Iraq

A Syrian mother sheltering in Iraqi Kurdistan wants just two things for her young daughters - peace, and to return home

UNICEF Image
© UNICEF Iraq/2013/Niles
(Centre) Shereen holds her children – Yasmine, 2, and 7-month-old Ayenda – in their tent in the Kawergosk refugee camp, Iraqi Kurdistan. Shereen’s sister, seated nearby, and her family made the long journey with them.

By Chris Niles

Shereen and her two young daughters are sheltering at Kawergosk refugee camp in Kurdistan Region of Iraq. One day, she hopes, her children will enjoy peace, and their home in the Syrian Arab Republic.

ERBIL, Iraq, 9 October 2013 – Shereen’s younger child is named Ayenda, which, she says, means ‘future’.

She is worried about Ayenda, who is 7 months old and has diarrhoea. Two trips to a clinic in Kawergosk refugee camp have not cured the baby. 

Shereen, 25, her other daughter, Yasmine, 2, Ayenda, Shereen’s sister Mizgen, and Mizgen’s husband and their four children were among the first to cross the border from the Syrian Arab Republic when it opened in mid-August. Home is now a small tent in Kawergosk. There’s carpet on the floor, and an air cooler works hard to ensure the children are not overheated.

“It’s very, very different to be here,” Shereen says. “It’s not my own world. I had to leave that.”

She says the conflict came close to her family in the Syrian Arab Republic, and they began to run out of food. When the opportunity to come to Iraqi Kurdistan arose, they took it. Like tens of thousands of others, they walked hours to the border and arrived with only what they could carry.

UNICEF Image
© UNICEF Iraq/2013/Niles
Shereen is worried about Ayenda, who continues to suffer from diarrhoea despite two trips to a health clinic in the camp. “It’s very, very different to be here,” Shereen says. “It’s not my own world. I had to leave that.”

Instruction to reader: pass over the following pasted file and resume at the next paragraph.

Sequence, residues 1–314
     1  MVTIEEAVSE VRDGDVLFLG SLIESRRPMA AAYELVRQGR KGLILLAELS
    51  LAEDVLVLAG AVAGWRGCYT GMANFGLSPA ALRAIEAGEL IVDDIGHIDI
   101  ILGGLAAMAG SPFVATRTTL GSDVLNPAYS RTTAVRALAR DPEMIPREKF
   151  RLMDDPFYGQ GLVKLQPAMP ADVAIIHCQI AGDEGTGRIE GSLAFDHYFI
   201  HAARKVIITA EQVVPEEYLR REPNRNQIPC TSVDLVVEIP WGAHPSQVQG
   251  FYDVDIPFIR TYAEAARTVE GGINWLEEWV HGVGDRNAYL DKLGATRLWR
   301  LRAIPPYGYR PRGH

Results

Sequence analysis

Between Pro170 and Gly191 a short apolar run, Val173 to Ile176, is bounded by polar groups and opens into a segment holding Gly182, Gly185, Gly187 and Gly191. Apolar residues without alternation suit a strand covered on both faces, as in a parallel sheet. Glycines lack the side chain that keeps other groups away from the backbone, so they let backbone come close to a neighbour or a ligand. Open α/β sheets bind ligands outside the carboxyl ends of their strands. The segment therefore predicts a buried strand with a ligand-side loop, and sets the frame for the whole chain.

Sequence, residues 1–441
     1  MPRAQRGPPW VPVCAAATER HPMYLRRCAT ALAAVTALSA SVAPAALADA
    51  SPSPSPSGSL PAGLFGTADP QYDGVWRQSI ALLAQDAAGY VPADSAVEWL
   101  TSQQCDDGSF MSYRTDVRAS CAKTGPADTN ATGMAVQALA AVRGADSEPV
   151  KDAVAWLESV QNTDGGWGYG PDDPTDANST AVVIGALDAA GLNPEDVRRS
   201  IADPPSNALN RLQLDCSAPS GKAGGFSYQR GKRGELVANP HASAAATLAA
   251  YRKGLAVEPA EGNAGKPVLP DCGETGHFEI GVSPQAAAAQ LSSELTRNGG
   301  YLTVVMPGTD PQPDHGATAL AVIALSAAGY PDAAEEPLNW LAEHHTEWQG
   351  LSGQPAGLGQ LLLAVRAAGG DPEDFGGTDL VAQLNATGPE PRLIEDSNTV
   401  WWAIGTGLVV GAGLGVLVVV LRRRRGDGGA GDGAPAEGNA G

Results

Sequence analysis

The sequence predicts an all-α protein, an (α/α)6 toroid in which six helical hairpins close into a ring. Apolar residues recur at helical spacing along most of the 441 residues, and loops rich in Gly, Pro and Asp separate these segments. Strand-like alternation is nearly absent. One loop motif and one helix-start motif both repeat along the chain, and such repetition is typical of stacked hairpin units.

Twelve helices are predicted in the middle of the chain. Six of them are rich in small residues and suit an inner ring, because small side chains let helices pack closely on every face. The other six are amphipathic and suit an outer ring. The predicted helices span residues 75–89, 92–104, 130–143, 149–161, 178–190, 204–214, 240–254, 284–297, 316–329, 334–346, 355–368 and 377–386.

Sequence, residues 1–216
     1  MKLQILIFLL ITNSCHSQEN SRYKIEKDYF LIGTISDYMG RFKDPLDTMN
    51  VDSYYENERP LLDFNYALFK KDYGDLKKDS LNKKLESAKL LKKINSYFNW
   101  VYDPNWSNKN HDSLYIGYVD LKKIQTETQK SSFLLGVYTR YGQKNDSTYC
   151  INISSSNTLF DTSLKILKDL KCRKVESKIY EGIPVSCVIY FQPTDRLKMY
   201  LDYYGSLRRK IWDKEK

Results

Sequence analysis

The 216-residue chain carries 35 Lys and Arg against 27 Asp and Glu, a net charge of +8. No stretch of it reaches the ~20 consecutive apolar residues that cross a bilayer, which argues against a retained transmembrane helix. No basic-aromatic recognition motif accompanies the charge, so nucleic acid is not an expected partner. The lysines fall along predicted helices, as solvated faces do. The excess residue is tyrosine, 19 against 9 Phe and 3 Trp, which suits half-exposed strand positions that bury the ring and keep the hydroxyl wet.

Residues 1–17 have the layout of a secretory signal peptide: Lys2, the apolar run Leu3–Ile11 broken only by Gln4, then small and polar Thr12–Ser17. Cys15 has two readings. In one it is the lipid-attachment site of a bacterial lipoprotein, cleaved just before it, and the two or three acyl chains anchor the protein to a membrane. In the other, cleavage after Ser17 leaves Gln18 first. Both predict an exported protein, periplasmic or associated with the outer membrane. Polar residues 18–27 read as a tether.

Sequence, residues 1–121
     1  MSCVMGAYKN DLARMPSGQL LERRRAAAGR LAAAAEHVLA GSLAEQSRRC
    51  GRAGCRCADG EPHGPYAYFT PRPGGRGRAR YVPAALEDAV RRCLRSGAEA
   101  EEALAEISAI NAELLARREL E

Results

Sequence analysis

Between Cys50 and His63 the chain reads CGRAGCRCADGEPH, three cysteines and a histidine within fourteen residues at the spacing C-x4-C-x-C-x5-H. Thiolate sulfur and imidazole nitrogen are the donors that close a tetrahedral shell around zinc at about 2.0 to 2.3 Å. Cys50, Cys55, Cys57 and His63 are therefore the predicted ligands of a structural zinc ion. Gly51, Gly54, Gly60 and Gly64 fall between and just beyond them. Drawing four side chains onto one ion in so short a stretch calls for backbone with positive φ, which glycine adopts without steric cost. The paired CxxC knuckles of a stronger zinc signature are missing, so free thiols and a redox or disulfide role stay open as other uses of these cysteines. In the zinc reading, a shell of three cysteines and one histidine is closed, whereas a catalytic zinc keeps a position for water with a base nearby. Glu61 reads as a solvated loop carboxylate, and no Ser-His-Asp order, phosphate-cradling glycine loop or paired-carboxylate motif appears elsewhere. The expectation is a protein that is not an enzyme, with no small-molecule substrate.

The family is among the 61,000 refugees who have come into Iraqi Kurdistan since the border was opened in the middle of August.

Kawergosk is one of several camps that have been built in response. It’s a temporary establishment, and it was home to about 12,240 people, as of 12 September.  UNICEF is working with partners to tanker in 500,000 litres of fresh water daily and support a Médecins Sans Frontières clinic that opened this week and immediately began treating children like Ayenda.

With the Norwegian Refugee Council, it’s promoting hygiene so that families can keep themselves healthy, despite high temperatures and shared sanitary facilities.

Having family around helps ease Shereen’s burden, but she longs for the comforts of her old life. “The most important thing is to have a proper house,” she says.

But despite the difficulties, she is glad that her children are now safe from conflict. When asked what she wants for the future, she lists two things – peace, and to go home.

“But I’m wishing all of this for my children, not for me,” she says. 


 

 

UNICEF Photography: Syrian crisis

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